BRADENTON BEACH — Not many people have African tortoises wandering around their front yard, but then, not many people are like Gail and Ed Straight, whose home and wildlife rescue center co-exist on the same leafy property.
The couple, with 23 years of experience caring for injured wildlife, are serving as liaisons for Tri-State Bird Rescue & Research Inc. Tri-State has been hired by BP to manage wildlife rescue and rehabilitation for Florida in the event oil from the ruptured Deepwater Horizon well reaches its shores.
“I’ve been through Tri-State training,” Gail Straight said as the phone rang constantly with people wanting to volunteer. “When they have something going on down here, they call me.”
Volunteers from the general public must follow a different protocol than those with professional credentials, she said.
“As far as I have been told, unless you are actually put on the BP schedule, you are not allowed to touch anything,” she added.
“They’re going to have certain people out there, the U.S. Fish and Wildlife and BP are going to be telling who can go out on the beaches or wherever they’re going.”
She had to pass a 20-question test, and she has had HazMat training.
“Rescue work’s only for people who are rehabilitators, people who have handled these animals,” Straight said. “Great blue herons can poke your eyes out if you don’t know what you’re doing.”
If necessary, Tri-State would work with trained wildlife rehabilitators with the proper migratory bird permits, said Heidi Stout, executive director at Tri-State, based in Newark, Del.
Stout, who said she has enjoyed a long working relationship with the Straights, noted that officials have assembled a list of those in Florida with appropriate credentials, and either have contacted them or will be contacting them to see if they’re available should the need arise.
There are special considerations when wildlife is exposed to oil, especially since substances from the spill can be dangerous to both humans and animals, said Wendy Fox, executive director of Miami’s Pelican Harbor Seabird Station, and president of the National Wildlife Rehabilitators Association.
She said she is confident that Tri-State would be able to handle whatever happens in Florida.
“Absolutely,” she said. “They have done this all over the world, that’s why they were founded.”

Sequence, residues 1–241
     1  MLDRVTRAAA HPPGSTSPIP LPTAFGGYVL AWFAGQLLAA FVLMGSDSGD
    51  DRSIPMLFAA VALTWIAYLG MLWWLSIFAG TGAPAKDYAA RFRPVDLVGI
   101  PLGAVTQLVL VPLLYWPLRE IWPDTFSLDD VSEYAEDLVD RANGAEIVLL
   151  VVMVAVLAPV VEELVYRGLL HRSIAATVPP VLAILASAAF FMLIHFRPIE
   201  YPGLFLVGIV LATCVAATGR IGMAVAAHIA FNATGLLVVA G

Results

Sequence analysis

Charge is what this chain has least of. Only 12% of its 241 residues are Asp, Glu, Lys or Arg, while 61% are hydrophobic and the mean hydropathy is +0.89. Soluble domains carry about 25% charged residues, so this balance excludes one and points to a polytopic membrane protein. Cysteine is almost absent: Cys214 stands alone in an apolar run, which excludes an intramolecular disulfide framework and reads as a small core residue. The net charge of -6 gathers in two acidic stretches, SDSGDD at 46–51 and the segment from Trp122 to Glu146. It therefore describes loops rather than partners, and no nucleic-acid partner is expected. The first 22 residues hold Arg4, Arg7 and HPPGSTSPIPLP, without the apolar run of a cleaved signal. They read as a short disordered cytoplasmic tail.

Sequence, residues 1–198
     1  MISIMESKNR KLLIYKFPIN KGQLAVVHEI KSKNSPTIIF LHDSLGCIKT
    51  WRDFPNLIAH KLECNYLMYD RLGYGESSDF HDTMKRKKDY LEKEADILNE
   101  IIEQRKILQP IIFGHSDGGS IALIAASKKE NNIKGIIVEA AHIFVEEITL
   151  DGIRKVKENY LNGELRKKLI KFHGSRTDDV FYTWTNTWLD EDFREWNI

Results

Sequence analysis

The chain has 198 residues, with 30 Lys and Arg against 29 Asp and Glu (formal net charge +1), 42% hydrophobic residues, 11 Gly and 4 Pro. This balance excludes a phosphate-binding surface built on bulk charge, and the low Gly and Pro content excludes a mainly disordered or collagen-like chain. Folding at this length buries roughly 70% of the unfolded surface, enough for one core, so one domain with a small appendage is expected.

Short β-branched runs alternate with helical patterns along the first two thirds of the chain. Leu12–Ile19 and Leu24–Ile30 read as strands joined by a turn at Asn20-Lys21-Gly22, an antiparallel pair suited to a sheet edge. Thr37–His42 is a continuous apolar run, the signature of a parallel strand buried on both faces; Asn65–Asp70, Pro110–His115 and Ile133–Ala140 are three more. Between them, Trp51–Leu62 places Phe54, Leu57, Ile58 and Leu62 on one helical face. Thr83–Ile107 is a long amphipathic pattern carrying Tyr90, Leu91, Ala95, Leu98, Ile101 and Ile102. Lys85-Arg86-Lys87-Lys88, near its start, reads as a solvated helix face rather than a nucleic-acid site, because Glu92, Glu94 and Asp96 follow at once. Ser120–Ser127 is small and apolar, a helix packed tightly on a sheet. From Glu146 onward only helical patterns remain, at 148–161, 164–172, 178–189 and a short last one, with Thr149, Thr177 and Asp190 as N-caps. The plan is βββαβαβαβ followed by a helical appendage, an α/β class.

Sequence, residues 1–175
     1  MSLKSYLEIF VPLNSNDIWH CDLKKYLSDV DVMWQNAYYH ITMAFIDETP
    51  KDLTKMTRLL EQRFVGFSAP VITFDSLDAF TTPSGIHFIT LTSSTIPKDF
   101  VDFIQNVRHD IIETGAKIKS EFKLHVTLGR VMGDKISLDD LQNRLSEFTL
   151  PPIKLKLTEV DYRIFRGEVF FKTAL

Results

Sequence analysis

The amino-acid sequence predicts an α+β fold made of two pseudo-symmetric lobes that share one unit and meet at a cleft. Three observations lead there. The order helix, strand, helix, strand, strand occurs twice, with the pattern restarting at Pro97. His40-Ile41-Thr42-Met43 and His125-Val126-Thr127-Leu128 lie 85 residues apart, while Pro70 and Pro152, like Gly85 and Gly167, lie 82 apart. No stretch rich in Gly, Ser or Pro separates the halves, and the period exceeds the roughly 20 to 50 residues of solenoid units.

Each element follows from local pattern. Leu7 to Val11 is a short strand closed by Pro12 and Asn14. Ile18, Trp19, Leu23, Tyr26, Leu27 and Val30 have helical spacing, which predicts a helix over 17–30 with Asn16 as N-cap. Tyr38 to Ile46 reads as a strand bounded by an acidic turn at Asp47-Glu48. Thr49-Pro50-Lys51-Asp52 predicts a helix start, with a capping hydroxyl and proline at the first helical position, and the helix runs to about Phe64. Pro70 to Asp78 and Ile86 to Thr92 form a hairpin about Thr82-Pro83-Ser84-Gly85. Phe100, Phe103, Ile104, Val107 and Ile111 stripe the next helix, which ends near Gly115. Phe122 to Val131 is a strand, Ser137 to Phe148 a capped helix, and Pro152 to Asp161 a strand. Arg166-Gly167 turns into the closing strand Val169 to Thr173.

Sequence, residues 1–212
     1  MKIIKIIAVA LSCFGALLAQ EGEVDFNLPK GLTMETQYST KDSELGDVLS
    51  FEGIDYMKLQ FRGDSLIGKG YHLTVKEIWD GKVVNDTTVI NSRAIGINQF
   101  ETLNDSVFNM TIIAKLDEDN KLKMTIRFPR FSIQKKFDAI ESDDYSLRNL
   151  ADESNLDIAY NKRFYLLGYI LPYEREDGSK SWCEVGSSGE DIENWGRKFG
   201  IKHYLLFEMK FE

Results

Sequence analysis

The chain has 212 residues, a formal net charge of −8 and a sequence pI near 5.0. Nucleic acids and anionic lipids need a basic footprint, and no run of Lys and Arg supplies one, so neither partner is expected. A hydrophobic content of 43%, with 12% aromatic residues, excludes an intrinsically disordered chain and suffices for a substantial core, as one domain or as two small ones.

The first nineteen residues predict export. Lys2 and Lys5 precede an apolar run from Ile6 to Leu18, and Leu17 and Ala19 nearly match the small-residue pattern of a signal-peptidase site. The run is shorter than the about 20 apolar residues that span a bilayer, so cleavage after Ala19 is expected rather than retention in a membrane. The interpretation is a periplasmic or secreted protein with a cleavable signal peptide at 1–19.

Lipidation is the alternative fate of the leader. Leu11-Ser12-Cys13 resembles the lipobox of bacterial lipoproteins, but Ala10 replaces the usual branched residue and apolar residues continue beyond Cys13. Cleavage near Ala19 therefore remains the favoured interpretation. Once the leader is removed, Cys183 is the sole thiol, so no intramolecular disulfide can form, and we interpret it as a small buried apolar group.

At a St. Pete Beach meeting of the Florida Fish and Wildlife Conservation Commission last week, representatives of various wildlife, conservation and environmental groups complained that they felt they weren’t getting enough information and were unsure what their roles might be.
Susan McMillan, involved for years with the local Sierra Club, addressed the commission, contending that BP’s efforts to contain the spill were inadequate.
“People in my circle, including me, want to know what we can do to help,” she said in an interview. “I called and e-mailed the Audubon Society and Sierra Club, but nobody’s really said, ‘Here’s what to do, show up for a training or a meeting.’
“How should we apply? I want somebody to say, ‘Tuesday night at 8 p.m.’ for training or for informing citizens how they can protect their local waters,” she said. “I’m getting the sense from snippets I’m reading they don’t want the public involved.”
Some training has become available. Tampa Bay Watch, a St. Petersburg-area nonprofit dedicated to protection and restoration of wetlands and marine environments, has signed up almost 300 volunteers to help with the spill, according to Rachel Arndt, communications coordinator.
The group held a classroom session last week, along with a hands-on lesson focusing on deploying an anti-pollution boom in Hillsborough County’s lush Cockroach Bay.
But, Arndt emphasized, if oil washes ashore, her group will not do anything until directed by state and federal officials overseeing handling of the spill.
In Manatee County, volunteers are contacting the Straights’ wildlife rescue center, Wildlife Inc. Education & Rehabilitation Center, a non-profit organization that treats birds, mammals and reptiles.
Its mission is to rehabilitate injured and orphaned creatures and return them to the wild if possible. The couple figure they’ve cared for at least 60,000 animals over the years.
In their yard is a virtual zoo of refugees, including owls, raccoons, parrots, cats and ducks.
In neat piles are everything needed to care for their charges, including medicines, towels and bandages, mountains of food, microscope and washing areas. The Straights and those who volunteer at the center also teach wildlife and environmental awareness at local schools.
Local wildlife organizations should not ask for donations to care for wildlife if the Gulf spill damages Florida, because BP would pay for everything, Straight warned.
“It’s unethical,” she said.
But she understands why people want to give: “People want to feel like they’re doing something.”
Sara Kennedy, Herald reporter, can be reached at (941) 745-7031.